Fourth Taj President Confident Despite Predecessors' Fates

Posted: August 18, 1991

ATLANTIC CITY — The latest executive Donald Trump hired to right his reeling Taj Mahal casino doesn't fear the fate that befell his four predecessors.

"I've never worried about that kind of thing," Taj President Dennis Gomes said in a 90-minute interview. "I've always enjoyed the challenge of going to a situation that's not doing well."

Since the Taj opened in April 1990, Trump has tried four presidents to steer the city's largest casino through a minefield of high debts and lower- than-expected revenues.

In March, Gomes became the latest would-be rescuer when he accepted a contract at $850,000 a year, backed by $650,000 cash deposited with a Nevada bank to assure severance pay if he is fired.

Gomes, 47, had been president of the Golden Nugget in Las Vegas, where he lured many high-rollers, defying predictions that the Nugget would suffer after its parent company opened the lavish Mirage casino on the Strip in late 1989. His old boss, Steve Wynn, is suing Gomes for breach of contract for quitting. Gomes declined to comment on the litigation.

The jury is still out, but Gomes said the Taj's second quarter provided proof that a turnaround had begun. He is confident even though the casino lost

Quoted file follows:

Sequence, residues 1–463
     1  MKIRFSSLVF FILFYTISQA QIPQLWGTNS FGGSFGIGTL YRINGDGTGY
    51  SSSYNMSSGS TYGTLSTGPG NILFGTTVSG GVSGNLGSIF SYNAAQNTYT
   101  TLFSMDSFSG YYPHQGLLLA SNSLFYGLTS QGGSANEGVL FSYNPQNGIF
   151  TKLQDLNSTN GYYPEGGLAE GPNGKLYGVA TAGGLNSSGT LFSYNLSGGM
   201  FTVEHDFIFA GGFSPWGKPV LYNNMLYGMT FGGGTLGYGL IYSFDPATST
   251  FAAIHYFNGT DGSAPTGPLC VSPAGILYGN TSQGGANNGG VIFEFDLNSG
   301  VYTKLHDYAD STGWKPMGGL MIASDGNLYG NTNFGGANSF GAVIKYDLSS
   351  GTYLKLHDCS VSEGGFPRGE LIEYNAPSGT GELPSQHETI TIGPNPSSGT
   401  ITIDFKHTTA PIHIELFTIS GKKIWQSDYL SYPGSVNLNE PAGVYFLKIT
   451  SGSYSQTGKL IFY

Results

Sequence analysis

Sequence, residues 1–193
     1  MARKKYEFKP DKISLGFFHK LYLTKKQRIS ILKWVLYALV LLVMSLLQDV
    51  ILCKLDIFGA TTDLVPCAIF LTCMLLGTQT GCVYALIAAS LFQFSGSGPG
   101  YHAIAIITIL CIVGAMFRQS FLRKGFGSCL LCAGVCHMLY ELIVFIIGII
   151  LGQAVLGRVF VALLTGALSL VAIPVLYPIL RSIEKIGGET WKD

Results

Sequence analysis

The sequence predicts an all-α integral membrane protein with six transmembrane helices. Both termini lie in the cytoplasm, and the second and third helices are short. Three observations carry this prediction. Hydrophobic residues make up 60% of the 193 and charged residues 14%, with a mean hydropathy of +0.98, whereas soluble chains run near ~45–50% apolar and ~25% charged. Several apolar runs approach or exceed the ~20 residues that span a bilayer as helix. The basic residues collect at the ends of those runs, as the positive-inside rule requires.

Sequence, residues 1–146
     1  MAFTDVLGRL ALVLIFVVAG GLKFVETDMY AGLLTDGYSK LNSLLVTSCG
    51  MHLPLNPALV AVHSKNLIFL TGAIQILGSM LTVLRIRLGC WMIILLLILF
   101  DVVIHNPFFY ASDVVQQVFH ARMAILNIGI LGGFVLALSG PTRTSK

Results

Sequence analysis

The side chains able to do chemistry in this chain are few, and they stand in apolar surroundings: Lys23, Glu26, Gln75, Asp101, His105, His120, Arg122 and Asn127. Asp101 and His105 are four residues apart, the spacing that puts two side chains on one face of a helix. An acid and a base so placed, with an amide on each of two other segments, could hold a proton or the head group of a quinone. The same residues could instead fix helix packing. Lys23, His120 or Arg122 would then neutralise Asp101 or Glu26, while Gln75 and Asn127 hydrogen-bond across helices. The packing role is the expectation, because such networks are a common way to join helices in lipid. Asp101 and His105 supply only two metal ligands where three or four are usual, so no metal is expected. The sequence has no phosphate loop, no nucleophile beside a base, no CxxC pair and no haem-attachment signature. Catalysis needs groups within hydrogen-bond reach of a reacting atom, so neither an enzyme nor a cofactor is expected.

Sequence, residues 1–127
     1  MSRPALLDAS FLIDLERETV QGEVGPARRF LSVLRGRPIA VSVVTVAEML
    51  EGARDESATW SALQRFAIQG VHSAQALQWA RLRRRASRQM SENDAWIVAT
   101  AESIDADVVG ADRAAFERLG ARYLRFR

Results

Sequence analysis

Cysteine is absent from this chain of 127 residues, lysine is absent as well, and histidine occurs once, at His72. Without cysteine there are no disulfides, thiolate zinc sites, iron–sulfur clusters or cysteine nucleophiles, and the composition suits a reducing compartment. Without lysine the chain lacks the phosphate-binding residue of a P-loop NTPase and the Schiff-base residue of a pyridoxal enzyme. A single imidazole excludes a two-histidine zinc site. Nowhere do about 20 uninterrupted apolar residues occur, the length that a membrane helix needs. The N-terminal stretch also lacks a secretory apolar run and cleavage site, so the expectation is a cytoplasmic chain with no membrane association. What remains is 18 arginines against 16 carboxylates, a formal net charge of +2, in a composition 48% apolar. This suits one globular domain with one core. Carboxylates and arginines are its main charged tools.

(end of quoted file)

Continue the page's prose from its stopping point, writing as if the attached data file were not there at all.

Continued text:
$16.3 million, compared with a $14.4 million loss in the second quarter of 1990.

Operating cash flow - profits before interest and depreciation - rose from $23.9 million to $24.8 million. Cost-cutting slashed expenses about $16 million.

The Taj filed bankruptcy July 16 under Chapter 11 of the Federal Bankruptcy Code. Its bankruptcy plan swaps half of Trump's equity in the property for reduced interest rates on $675 million of mortgage bonds.

"From a long-term standpoint . . . the only real thing anybody should look at is operating profit," Gomes said, citing a $3 million jump in July compared with July 1990. While operating profit rose, it was still less than what had been projected in the Taj budget.

A 2.7 percent gross gaming revenue decline in July followed Gomes' decision to cut some junket programs that he said cost more than they were worth.

"I could play the tricks and bring in tons of revenue," Gomes said. "I don't think there's any real integrity there."

Nick Ribis, the head of Trump's three Atlantic City casinos and one non- casino hotel, said the Trump Organization is pleased with Gomes' work. "He knows his stuff," Ribis said.

Gomes has lowered some prices in response to competition.

For example, the neighboring Merv Griffin's Resorts Casino Hotel offers a $4.99 buffet that was drawing customers away from the Taj, which charged $14.99.

Lowering the Taj prices for breakfast and lunch to $4.99 and for a seafood dinner to $9.99 has boosted restaurant traffic from 1,500 people a day to 4,200, Gomes said.

Gomes is a black belt and credits karate for contributing to his own sense of self-discipline and confidence. "You know you can handle a lot," he said. ''It also teaches you to respect the power of other people."

As for his own boss, who has been known to launch into a tirade or two, Gomes said, "It's a challenge because he's very demanding and a perfectionist. He challenges your ability."

Gomes once directed the Nevada Gaming Control Board's Audit Division and the New Jersey Division of Gaming Enforcement's special investigations unit.

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